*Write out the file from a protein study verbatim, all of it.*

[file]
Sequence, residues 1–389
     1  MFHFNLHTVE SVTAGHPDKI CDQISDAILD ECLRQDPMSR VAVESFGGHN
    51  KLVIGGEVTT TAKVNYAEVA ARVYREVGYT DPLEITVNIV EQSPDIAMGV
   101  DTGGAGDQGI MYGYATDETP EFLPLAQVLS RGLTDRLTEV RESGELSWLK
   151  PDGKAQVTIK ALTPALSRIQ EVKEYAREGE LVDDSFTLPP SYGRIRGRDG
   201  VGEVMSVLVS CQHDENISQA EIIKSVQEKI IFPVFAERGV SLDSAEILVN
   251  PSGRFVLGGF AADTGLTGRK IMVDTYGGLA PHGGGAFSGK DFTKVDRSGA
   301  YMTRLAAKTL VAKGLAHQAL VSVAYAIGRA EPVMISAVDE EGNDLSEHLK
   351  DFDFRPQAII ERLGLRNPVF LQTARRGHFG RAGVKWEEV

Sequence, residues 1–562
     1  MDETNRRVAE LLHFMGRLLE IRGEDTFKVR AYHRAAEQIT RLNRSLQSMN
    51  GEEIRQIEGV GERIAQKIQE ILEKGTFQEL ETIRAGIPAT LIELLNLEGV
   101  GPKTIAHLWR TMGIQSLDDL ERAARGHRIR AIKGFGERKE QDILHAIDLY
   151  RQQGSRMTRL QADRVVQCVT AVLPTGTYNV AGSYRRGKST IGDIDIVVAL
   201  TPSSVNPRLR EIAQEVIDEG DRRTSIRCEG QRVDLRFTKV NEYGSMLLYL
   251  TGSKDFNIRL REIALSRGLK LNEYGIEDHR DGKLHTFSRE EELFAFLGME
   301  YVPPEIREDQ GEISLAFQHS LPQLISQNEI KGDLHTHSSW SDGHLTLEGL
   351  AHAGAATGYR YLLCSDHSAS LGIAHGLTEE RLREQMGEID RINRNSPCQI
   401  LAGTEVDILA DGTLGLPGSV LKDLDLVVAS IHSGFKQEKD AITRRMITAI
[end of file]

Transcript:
Sequence, residues 1–389
     1  MFHFNLHTVE SVTAGHPDKI CDQISDAILD ECLRQDPMSR VAVESFGGHN
    51  KLVIGGEVTT TAKVNYAEVA ARVYREVGYT DPLEITVNIV EQSPDIAMGV
   101  DTGGAGDQGI MYGYATDETP EFLPLAQVLS RGLTDRLTEV RESGELSWLK
   151  PDGKAQVTIK ALTPALSRIQ EVKEYAREGE LVDDSFTLPP SYGRIRGRDG
   201  VGEVMSVLVS CQHDENISQA EIIKSVQEKI IFPVFAERGV SLDSAEILVN
   251  PSGRFVLGGF AADTGLTGRK IMVDTYGGLA PHGGGAFSGK DFTKVDRSGA
   301  YMTRLAAKTL VAKGLAHQAL VSVAYAIGRA EPVMISAVDE EGNDLSEHLK
   351  DFDFRPQAII ERLGLRNPVF LQTARRGHFG RAGVKWEEV

Sequence, residues 1–562
     1  MDETNRRVAE LLHFMGRLLE IRGEDTFKVR AYHRAAEQIT RLNRSLQSMN
    51  GEEIRQIEGV GERIAQKIQE ILEKGTFQEL ETIRAGIPAT LIELLNLEGV
   101  GPKTIAHLWR TMGIQSLDDL ERAARGHRIR AIKGFGERKE QDILHAIDLY
   151  RQQGSRMTRL QADRVVQCVT AVLPTGTYNV AGSYRRGKST IGDIDIVVAL
   201  TPSSVNPRLR EIAQEVIDEG DRRTSIRCEG QRVDLRFTKV NEYGSMLLYL
   251  TGSKDFNIRL REIALSRGLK LNEYGIEDHR DGKLHTFSRE EELFAFLGME
   301  YVPPEIREDQ GEISLAFQHS LPQLISQNEI KGDLHTHSSW SDGHLTLEGL
   351  AHAGAATGYR YLLCSDHSAS LGIAHGLTEE RLREQMGEID RINRNSPCQI
   401  LAGTEVDILA DGTLGLPGSV LKDLDLVVAS IHSGFKQEKD AITRRMITAI